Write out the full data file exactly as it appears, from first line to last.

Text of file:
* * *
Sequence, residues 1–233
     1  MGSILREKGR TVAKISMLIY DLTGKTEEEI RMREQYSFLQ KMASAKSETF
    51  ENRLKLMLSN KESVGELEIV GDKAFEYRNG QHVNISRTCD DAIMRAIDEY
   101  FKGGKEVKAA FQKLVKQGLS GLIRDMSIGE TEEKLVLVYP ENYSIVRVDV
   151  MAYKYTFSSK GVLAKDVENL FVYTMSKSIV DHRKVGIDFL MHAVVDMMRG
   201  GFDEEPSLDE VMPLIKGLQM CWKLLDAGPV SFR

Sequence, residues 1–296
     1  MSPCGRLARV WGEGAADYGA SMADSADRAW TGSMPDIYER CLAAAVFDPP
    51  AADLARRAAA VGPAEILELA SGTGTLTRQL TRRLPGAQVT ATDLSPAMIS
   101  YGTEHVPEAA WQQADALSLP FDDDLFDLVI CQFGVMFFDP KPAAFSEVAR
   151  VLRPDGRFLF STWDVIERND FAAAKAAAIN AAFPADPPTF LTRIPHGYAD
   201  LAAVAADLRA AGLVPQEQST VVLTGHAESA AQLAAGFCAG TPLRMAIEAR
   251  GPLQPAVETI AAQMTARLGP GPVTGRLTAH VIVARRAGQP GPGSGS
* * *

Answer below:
Sequence, residues 1–233
     1  MGSILREKGR TVAKISMLIY DLTGKTEEEI RMREQYSFLQ KMASAKSETF
    51  ENRLKLMLSN KESVGELEIV GDKAFEYRNG QHVNISRTCD DAIMRAIDEY
   101  FKGGKEVKAA FQKLVKQGLS GLIRDMSIGE TEEKLVLVYP ENYSIVRVDV
   151  MAYKYTFSSK GVLAKDVENL FVYTMSKSIV DHRKVGIDFL MHAVVDMMRG
   201  GFDEEPSLDE VMPLIKGLQM CWKLLDAGPV SFR

Sequence, residues 1–296
     1  MSPCGRLARV WGEGAADYGA SMADSADRAW TGSMPDIYER CLAAAVFDPP
    51  AADLARRAAA VGPAEILELA SGTGTLTRQL TRRLPGAQVT ATDLSPAMIS
   101  YGTEHVPEAA WQQADALSLP FDDDLFDLVI CQFGVMFFDP KPAAFSEVAR
   151  VLRPDGRFLF STWDVIERND FAAAKAAAIN AAFPADPPTF LTRIPHGYAD
   201  LAAVAADLRA AGLVPQEQST VVLTGHAESA AQLAAGFCAG TPLRMAIEAR
   251  GPLQPAVETI AAQMTARLGP GPVTGRLTAH VIVARRAGQP GPGSGS